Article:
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    ABSTRACT: This paper illustrates the facility of time-use files to enhance the understanding of behavioral components of commuting. It draws on data from Statistics Canada’s most recent national General Social Survey (2010) to substantiate prior research on the extent that use of public transit for commuting to work is accompanied in people’s days by a greater amount of walking. By verifying alternative explanations for this relationship, the paper explores more thoroughly how walking fits into the daily lives of employed persons in large urban areas. Results show that travel by car comprises upwards of 80 per cent of trips regardless of the hour of the day, while public transportation is used mostly to get to and from paid work. Although walking generally accompanies such transit commutes and is shown to fit sequentially into transit’s temporal patterns, walking spreads out more evenly across the day than transit use and helps complete other trip purposes. The weekday walking pattern extends to weekend days to a surprisingly similar extent, confirming that transit is but one of numerous generators of walking trips. Statistically significant relationships link minutes walked to household income, access to a car, and main mode used for commuting. However, the pre-eminence of commuting by car raises questions about the effective priorities and constraints underlying choice of main commuting mode. More detailed characterization of transit access and subjective questions in time-use surveys could facilitate greater insight into the rationales of the subgroup choosing public transit and walking more frequently and for longer duration. © 2015 Springer Science+Business Media Dordrecht and The International Society for Quality-of-Life Studies (ISQOLS)
    No preview · Article · Nov 2015 · Applied Research in Quality of Life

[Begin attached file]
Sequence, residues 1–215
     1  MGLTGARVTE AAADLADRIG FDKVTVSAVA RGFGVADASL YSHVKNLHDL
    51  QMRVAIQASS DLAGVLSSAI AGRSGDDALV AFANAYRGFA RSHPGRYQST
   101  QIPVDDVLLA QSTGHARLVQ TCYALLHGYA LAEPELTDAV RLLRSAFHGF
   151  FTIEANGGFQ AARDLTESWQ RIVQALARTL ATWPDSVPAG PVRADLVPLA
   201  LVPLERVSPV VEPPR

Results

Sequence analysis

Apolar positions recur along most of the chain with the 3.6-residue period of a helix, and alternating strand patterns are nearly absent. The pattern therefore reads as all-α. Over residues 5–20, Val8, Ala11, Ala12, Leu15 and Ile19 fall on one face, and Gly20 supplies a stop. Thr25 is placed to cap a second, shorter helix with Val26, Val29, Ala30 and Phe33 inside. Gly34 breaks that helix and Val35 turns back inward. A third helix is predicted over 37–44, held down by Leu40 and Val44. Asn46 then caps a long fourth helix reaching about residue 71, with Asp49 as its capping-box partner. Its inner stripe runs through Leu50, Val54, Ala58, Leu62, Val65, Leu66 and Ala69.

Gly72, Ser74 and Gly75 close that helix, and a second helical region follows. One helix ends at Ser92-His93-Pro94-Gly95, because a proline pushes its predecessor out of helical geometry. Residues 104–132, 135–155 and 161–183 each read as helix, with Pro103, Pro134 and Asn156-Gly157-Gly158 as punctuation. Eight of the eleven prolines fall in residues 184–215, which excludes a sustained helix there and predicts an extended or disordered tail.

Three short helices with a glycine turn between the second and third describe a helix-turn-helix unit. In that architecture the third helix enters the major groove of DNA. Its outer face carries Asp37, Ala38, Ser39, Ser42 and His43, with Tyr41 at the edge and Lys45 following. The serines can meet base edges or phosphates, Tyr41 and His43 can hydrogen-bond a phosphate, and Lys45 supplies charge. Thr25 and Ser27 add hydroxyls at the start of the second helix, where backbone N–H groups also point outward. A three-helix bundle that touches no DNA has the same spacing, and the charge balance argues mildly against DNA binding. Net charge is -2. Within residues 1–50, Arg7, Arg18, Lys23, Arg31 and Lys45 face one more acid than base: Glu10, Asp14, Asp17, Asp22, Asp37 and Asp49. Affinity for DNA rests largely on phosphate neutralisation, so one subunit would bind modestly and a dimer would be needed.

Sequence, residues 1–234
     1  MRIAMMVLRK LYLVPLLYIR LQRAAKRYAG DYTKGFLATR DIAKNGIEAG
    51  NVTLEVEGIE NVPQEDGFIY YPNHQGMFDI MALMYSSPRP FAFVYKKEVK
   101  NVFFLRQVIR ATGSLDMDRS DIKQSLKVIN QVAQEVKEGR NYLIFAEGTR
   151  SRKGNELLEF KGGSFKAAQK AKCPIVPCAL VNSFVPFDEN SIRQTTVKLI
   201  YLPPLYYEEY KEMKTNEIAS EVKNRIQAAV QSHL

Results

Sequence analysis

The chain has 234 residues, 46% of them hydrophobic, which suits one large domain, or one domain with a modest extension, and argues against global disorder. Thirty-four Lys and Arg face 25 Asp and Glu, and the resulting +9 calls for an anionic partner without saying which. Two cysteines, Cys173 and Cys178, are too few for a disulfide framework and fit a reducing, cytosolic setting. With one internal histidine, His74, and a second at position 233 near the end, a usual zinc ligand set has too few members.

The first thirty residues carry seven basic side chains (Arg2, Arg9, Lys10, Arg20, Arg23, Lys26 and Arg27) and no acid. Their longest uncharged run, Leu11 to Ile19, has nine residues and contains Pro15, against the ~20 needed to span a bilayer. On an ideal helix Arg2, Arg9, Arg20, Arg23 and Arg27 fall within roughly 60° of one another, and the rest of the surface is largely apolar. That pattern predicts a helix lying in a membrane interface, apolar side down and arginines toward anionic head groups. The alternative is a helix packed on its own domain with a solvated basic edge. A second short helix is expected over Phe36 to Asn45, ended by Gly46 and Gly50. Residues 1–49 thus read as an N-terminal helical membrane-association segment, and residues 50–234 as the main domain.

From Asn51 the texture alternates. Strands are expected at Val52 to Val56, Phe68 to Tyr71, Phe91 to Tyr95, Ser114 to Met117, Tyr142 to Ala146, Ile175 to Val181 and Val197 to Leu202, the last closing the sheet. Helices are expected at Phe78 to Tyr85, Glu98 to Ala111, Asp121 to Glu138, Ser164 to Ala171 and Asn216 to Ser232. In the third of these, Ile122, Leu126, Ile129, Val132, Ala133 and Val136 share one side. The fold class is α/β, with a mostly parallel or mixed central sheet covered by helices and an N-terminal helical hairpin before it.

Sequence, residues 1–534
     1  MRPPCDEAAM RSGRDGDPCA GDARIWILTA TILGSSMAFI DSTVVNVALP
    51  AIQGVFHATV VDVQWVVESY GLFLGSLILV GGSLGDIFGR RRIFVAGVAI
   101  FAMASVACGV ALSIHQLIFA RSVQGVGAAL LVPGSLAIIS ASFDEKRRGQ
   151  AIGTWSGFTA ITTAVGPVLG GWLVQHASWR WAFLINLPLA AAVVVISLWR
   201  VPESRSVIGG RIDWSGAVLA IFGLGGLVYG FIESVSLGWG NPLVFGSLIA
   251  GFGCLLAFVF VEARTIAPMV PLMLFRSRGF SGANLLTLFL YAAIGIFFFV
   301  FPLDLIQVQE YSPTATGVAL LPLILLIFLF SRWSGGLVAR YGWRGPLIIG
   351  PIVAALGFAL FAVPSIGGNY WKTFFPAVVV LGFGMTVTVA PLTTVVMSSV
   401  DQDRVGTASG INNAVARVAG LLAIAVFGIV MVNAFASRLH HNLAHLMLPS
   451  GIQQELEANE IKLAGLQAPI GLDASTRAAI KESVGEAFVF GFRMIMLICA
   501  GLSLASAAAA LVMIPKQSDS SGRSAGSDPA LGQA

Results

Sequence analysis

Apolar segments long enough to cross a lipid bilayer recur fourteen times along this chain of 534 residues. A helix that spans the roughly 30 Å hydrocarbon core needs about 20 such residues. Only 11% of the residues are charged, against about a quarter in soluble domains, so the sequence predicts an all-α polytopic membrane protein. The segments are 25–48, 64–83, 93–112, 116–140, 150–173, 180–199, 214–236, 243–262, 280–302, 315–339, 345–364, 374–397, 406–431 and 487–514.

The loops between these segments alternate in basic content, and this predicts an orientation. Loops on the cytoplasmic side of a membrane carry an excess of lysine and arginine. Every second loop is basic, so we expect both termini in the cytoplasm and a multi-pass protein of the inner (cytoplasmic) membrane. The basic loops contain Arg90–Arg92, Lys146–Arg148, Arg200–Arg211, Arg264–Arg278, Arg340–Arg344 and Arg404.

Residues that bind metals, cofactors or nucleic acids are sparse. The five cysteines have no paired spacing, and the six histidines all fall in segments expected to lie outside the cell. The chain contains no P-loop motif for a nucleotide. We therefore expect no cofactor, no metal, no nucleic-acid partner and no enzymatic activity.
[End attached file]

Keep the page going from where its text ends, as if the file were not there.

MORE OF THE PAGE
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    ABSTRACT: Using latent class analyses (LCA), the present study aimed to test whether meaningful subtypes of internalizing and externalizing behaviors could be found among Chinese community-based adolescents. A total of 5244 adolescents, ages 11–18 years (M = 15.11, SD = 1.79) recruited from 16 Chinese middle schools completed the Chinese version of the Strengths and Difficulties Questionnaire (SDQ-C). We examined the data using Latent Class Analysis to identify subtypes of internalizing and externalizing behaviors among the adolescents. Multivariate Logistic regression was subsequently implemented to ascertain the relationships between latent classes and demographic covariates. Three distinct subtypes were uncovered: a high-risk group, a middle-risk group and a low-risk group; the three subtypes accounted for 19.8, 31.1, and 49.1 % of the total sample variance respectively. Youth with elevations in one behavior type were likely to have elevations in the other behavior type. Further analyses revealed that compared to the low-risk group, the adolescents from the high-risk group and middle-risk groups were female and older. Significant heterogeneity in internalizing and externalizing behaviors was revealed in this Chinese adolescent’s sample. Profiling behavior problems patterns is potentially useful as a first step in developing tailored prevention and intervention programs. Suggestions for future research, including cross-national studies, and implications for mental health professionals were discussed. © 2015 Springer Science+Business Media Dordrecht and The International Society for Quality-of-Life Studies (ISQOLS)